“When you arrived at their house”, Cecil Summersdale, Woolf’s nephew, recalls, “she would ask you about your journey and she wanted every detail. Tell me about the people in the carriage’.” It was the novelist’s search for copy, ideas.” Woolf’s body of work expands far beyond her most famous novels, and her genre-bending bibliography includes essays, short stories, drama, fake biographies, diaries and even children’s books.
But the author was also inspired by the more mundane aspects of the everyday.
Her diaries and correspondence reveal a passionate, humorous young woman who loved a “debauch of gossip” with her friends.
Although she writes about it in her non-fiction essays , the incident was minimised and questioned by her early biographers.
Only recently have researchers started studying her works to know more about how she dealt with her experience as an incest survivor.
She never actually went to school and learned everything she knew from her parents and their friends and, of course, books.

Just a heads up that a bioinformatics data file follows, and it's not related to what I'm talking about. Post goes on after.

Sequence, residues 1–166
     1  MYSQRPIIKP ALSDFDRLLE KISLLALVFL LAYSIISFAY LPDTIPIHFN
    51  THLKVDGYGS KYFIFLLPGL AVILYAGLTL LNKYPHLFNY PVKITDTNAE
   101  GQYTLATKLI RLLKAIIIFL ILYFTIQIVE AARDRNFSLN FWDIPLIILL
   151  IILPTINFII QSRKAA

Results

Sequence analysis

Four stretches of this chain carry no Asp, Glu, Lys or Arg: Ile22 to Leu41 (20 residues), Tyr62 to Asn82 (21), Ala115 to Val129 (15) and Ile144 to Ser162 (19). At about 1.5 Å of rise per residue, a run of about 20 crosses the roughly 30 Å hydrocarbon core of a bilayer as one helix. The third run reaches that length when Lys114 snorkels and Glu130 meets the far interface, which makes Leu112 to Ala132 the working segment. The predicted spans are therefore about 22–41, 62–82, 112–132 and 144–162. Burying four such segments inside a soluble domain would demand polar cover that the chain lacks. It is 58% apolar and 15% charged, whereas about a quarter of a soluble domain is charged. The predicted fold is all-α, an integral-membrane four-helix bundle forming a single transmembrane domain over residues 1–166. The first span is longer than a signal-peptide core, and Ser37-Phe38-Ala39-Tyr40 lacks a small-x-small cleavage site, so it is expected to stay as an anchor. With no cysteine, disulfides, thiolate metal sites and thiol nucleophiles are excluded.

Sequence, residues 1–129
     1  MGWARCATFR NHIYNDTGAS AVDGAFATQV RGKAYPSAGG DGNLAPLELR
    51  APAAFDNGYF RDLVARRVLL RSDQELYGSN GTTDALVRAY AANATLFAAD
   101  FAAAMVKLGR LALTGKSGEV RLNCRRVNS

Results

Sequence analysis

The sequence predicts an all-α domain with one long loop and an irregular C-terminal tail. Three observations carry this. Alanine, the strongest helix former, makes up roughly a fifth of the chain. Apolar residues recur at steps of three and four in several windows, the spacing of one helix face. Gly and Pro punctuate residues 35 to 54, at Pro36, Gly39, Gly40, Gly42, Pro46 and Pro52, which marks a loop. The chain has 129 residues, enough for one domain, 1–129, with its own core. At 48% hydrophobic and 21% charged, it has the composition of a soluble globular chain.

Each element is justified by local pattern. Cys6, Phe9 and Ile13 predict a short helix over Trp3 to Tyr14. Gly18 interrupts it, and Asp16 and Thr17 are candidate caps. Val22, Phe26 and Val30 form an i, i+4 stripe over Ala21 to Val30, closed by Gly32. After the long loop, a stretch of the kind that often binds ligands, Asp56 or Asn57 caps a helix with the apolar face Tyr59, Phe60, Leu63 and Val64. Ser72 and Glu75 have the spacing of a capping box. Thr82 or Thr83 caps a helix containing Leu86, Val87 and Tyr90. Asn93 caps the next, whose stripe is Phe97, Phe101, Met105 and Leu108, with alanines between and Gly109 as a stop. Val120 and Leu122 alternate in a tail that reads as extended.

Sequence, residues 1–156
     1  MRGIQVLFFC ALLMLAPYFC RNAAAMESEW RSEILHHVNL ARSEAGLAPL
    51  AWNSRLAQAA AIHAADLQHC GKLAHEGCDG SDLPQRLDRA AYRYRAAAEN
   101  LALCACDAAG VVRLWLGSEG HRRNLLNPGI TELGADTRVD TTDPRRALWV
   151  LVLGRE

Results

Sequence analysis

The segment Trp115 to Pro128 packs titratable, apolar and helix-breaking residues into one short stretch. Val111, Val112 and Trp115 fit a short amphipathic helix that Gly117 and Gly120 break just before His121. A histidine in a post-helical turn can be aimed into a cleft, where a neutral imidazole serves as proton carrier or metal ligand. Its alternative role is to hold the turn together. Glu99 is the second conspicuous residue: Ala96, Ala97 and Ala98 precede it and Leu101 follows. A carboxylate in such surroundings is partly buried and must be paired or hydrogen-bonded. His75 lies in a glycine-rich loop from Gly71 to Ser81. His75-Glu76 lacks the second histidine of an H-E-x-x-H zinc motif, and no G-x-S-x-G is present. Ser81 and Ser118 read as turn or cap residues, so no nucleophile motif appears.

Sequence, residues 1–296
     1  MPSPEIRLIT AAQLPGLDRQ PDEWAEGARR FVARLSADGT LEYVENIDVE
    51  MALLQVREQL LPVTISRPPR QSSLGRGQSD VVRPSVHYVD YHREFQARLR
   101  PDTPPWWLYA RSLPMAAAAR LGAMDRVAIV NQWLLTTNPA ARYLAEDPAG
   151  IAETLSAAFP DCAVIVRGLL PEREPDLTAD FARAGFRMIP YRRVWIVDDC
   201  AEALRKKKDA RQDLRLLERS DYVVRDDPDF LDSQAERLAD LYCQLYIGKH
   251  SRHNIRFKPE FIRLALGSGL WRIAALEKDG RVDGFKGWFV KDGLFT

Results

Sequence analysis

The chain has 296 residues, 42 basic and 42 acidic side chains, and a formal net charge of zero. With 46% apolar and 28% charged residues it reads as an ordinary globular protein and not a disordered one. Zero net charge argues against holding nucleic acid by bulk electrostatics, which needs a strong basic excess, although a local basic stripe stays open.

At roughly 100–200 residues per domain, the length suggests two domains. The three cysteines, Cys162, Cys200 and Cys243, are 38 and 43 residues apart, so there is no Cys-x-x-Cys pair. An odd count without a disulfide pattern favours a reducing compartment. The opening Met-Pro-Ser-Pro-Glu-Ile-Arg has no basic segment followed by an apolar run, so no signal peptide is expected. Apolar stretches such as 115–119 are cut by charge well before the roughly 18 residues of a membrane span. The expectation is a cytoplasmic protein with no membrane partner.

Woolf’s parents – a famous author and model – raised her in a literate, well-connected household in Kensington that was frequented by notable thinkers and artists of the time.“I could fill pages remembering one thing after another that made the summer at St Ives the best beginning to a life conceivable,” she noted.Amid the wild landscape was Talland House, the holiday home with views of the Porthminster beach and the lighthouse that would later be the setting for her novels often referred to as the St Ives Trilogy, , in which the author’s family is recreated under pseudonyms and the lighthouse is based on Godrevy Lighthouse, outside Talland House. A century later and the British author would be known as one of the most prolific names to ever grace the literary world.However, Woolf’s writing wasn’t as widely acclaimed and studied until nearly 50 years after many of her novels were published.As a new exhibition opens at the Tate St Ives featuring the work of artists inspired by her writing, we gather the quotes that tell the story of the author’s life and brilliant way of seeing the world.Virginia Woolf was insatiably curious and prided herself on being an autodidact.In 1904, when Woolf and her sister Vanessa Bell moved to central London, they formed the Bloomsbury Group, or Bloomsberries, a tight-knit, loosely connected network of artists, writers and intellectuals that would meet weekly at the siblings’ Bloomsbury home.As an author, Woolf sourced her material from a variety of places including her friends’ expertise, whose interests covered everything from psychology, painting or economics.She experienced repeated breakdowns and attempted suicide on various occasions.Throughout the 30 years of her adult writing life, she suffered from periodical illnesses in which physical symptoms – fevers, headaches, insomnia – seemed inextricably entwined with mental symptoms.